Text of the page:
$0-$38,600 $0-$77,200 $0-$38,600 $0-$51,700 $0-$2,600 0%
$38,601-$425,800 $77,201 - $479,000 $38,601-$239,500 $51,701-$452,400 $2,601-$12,700 15%
$425,801+ $479,001+ $425,801+ $452,401+ $12,701+ 20%

Capital gain rates prior to 2018

For the tax years 2013 through 2017, short-term gains are taxed at ordinary income tax rates up to 37%. For taxpayer's subject to the Net Investment Income (NII) tax, a 3.8% surtax for taxpayers whose adjusted gross income surpasses threshold limits,[note 2] the maximum tax rate increased to 43.4%.

Beginning in 2013, the taxation of long term capital gains also changed. Long-term gains are taxed at 0% for income which would be in the 10% and 15% tax brackets, and at 15% for income which would in be the 25%, 28%, 33%, and 35% tax brackets. For income which would be in the 39.6% marginal tax bracket, the capital gains tax is 20%. For taxpayers subject to the Net Investment Income (NII) tax, the capital gains tax increased to 18.8% and 23.8%.

The NNI tax threshold levels begin to effect taxpayers whose adjusted gross income falls in the 33% marginal tax bracket, and affects all taxpayers in the 35% and 39.6% marginal tax brackets.

Below is a summary of previous capital gain rates.

Summary of recent history
July 1998 – 2000 2001 – May 2003 May 2003 – 2007 2008–2012 2013–2017
Ordinary Income Tax Rate Long-term Capital Gains
Tax Rate
Ordinary Income Tax Rate Long-term Capital Gains
Tax Rate**
Ordinary Income Tax Rate Long-term Capital Gains
Tax Rate
Long-term Capital Gains
Tax Rate
Ordinary Income Tax Rate Long-term Capital Gains
Tax Rate
15% 10% 10% 10% 10% 5% 0% 10% 0%
15% 10% 15% 5% 0% 15% 0%
28% 20% 27%* 20% 25% 15% 15% 25% 15%
31% 20% 30%* 20% 28% 15% 15% 28% 15%
36% 20% 35%* 20% 33% 15% 15% 33% 15%***
39.6% 20% 38.6%* 20% 35% 15% 15% 35% 15%***
39.6% 20%***

* This rate was reduced one-half percentage point for 2001 and one-half percentage point for 2002 and beyond.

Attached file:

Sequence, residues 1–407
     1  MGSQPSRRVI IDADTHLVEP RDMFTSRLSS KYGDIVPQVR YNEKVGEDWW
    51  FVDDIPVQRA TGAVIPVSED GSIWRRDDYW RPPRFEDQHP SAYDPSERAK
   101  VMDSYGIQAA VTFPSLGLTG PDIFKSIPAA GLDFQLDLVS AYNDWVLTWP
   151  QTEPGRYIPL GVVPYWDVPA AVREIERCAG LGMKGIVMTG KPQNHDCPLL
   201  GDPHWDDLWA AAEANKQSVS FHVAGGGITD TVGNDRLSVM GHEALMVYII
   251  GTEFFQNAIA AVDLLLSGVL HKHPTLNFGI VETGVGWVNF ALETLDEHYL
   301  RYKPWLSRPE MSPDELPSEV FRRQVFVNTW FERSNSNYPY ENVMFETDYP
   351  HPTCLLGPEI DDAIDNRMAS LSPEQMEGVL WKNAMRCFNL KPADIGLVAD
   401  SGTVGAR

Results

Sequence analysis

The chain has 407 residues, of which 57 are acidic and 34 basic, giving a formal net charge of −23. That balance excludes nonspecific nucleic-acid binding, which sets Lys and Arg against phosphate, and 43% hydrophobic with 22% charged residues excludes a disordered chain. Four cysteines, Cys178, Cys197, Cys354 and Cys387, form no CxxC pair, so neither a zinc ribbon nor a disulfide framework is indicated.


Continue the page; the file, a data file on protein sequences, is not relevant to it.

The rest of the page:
** There was a two percentage point reduction for capital gains from certain assets held for more than five years, resulting in 8% and 18% rates.
*** The gain may also be subject to the 3.8% Medicare tax.

See also

Notes

  1. Special tax considerations are also applicable to commodity asset classes and fund structures:
    • Precious metals and grantor's trusts: the IRS considers precious metals to be collectibles. Thus, precious metal ETF's, as well as bullion, are subject to a maximum 28% long term capital gains tax rate and a maximum short term 39.6% tax rate.
    • Commodity futures are subject to a 60/40 long term/short term blended tax obligation. Thus they have a maximum 23% long term capital gains tax rate and a maximum 23% short term maximum tax rate. Limited partnership ETFs are considered pass-through investments. Each year gains are marked-to-market and passed through to investors as a potential taxable obligation regardless of whether the shares are sold or held.
    • Exchange traded notes based on equity investments are subject to a 15% or 20% long term capital gains rate, depending on marginal tax rate, and a maximum 39.6% short term capital gains rate.
      Source:The Complete Guide to ETF Taxation, indexuniverse.com, (November, 2011)
  2. The threshold amounts are $250,000 for married filing jointly/ surviving spouse with dependents; $200,000 for single/head of household; and $125,000 for married filing separately. The threshold amounts are not indexed to inflation.